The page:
Then they ONLY wanted bans for apartment balconies.
      Then they ONLY wanted bans for entire apartment (including individual apartments) complexes.

      On top of all of this, there are now instances where smokers are denied employment, denied housing (even the elderly), and denied medical treatment. Smokers in the UK are denied fostering/adoption. Involuntary mental patients are restrained physically or chemically (sedation) or multi-day solitary confinement rather than allow them to have a cigarette – even outside. In some countries there are also compounded extortionate taxes.

      Laguna Beach, California, has recently banned smoking everywhere, including streets and alleys. The only place one can smoke legally is in one’s car/home. Duterte of the Philippines, who likens himself to H#tler, recently instituted draconian antismoking laws that can attract jail time for violation. Australia has increased tobacco excise by 12.5% for each of 8 years (2013-2020). An otherwise $4-5 pack of cigarettes is currently artificially inflated to $25, and by 2020 it will be inflated to $45.

      Liked by 1 person

    3. Smokers are the original snowflakes.

      You’ve got to be kidding? You’re deluded. Antismokers are the original snowflakes. Utter neurotic bigots. Oh, we must get rid of smoking indoors or I’m going to die. My whole lunch was destroyed by someone lighting up on the next table. We must stop those dirty, filthy smoking “addicts”. Oh, there are now people smoking outside doorways. Why should a superior person like me have to put up with having to walk through a wall of smoke. I was temporarily blinded. Ban smoking at doorways. Why are people allowed to smoke in outside dining areas? My whole dining experience is ruined. My taste buds become paralyzed. Ban smoking in outdoor dining areas. Oh, I was about 50 metres behind a smoker on the street. I caught a whiff of smoke. It was just too much. I thought I was going to black out. Ban smoking on streets. I was at the beach and there were people smoking. How can this be allowed. It ruined my whole day. Ban smoking on beaches everywhere. And on and on it goes.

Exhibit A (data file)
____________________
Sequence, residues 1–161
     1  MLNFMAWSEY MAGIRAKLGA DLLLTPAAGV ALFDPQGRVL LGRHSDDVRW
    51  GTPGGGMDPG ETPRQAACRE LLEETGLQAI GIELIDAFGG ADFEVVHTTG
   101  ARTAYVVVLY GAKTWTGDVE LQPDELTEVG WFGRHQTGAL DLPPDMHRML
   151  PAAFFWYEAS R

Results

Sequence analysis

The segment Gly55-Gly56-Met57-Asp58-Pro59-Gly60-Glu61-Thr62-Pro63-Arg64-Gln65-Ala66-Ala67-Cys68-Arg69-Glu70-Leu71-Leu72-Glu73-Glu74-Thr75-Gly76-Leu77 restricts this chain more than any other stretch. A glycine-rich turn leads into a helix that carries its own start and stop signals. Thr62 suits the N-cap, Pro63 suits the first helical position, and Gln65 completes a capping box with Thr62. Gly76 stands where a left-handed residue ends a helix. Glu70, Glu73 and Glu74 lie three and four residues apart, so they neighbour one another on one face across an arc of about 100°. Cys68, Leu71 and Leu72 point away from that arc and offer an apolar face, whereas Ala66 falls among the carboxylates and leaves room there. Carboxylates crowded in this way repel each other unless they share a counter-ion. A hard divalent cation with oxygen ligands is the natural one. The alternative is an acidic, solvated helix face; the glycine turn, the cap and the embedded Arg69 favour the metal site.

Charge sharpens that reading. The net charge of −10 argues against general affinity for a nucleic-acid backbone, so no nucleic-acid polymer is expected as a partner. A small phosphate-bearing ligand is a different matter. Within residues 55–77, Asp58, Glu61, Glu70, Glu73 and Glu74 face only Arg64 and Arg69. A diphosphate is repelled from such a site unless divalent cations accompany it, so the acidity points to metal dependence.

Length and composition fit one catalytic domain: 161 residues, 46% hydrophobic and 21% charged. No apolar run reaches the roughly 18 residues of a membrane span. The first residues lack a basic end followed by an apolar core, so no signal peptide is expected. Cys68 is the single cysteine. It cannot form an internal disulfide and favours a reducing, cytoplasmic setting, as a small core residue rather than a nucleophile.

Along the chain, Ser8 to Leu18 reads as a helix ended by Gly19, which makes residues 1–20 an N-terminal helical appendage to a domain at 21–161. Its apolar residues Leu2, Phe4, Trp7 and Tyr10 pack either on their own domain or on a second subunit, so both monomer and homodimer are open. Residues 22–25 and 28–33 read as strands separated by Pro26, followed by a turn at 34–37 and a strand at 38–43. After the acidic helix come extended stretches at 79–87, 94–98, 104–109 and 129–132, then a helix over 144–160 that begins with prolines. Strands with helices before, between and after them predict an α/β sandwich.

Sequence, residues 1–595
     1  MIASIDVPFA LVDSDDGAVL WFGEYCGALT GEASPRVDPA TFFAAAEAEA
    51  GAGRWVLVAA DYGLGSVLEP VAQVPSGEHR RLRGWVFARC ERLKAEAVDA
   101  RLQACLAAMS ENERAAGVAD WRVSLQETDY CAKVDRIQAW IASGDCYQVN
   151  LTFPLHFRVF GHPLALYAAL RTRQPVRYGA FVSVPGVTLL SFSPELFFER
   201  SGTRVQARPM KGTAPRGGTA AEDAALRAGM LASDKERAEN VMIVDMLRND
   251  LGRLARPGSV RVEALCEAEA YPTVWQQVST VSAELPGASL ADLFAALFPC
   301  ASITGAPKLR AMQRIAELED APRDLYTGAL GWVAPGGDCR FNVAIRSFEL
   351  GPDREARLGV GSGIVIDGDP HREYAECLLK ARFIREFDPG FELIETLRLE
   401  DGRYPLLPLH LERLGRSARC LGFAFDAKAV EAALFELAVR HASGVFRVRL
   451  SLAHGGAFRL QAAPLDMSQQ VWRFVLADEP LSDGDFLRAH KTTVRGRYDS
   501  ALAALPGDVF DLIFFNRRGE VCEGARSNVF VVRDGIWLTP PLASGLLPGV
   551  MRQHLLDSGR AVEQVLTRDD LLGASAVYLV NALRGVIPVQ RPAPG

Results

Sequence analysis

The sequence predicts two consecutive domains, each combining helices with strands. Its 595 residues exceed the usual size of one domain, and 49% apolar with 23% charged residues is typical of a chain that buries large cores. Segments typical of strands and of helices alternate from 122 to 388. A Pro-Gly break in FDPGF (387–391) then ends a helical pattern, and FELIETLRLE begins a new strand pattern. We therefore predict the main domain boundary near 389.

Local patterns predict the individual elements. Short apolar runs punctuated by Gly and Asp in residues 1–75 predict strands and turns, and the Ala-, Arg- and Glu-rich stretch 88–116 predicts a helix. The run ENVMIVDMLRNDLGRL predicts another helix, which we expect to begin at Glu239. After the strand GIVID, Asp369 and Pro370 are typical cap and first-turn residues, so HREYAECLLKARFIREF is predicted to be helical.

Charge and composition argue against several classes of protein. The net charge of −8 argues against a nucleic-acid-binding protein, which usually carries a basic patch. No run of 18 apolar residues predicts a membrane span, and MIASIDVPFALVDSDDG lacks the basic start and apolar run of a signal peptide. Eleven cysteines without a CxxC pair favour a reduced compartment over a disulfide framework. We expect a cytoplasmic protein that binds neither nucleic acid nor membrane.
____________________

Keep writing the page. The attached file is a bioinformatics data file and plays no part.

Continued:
Antismokers – the original delicate, dainty “safe spacers”. Everywhere must cater only for them.

      Liked by 1 person

  2. Antismoking is not new. It has a long, sordid, 400+ year history, much of it predating even the pretense of a scientific basis or the more recent concoction of secondhand smoke “danger”. Antismoking crusades typically run on inflammatory propaganda, i.e., lies, in order to get law-makers to institute bans. Statistics and causal attribution galore are conjured. The current antismoking rhetoric has all been heard before. All it produces is irrational fear and hatred, discord, enmity, animosity, social division, oppression, and bigotry. When supported by the State, zealots seriously mess with people’s minds on a mass scale.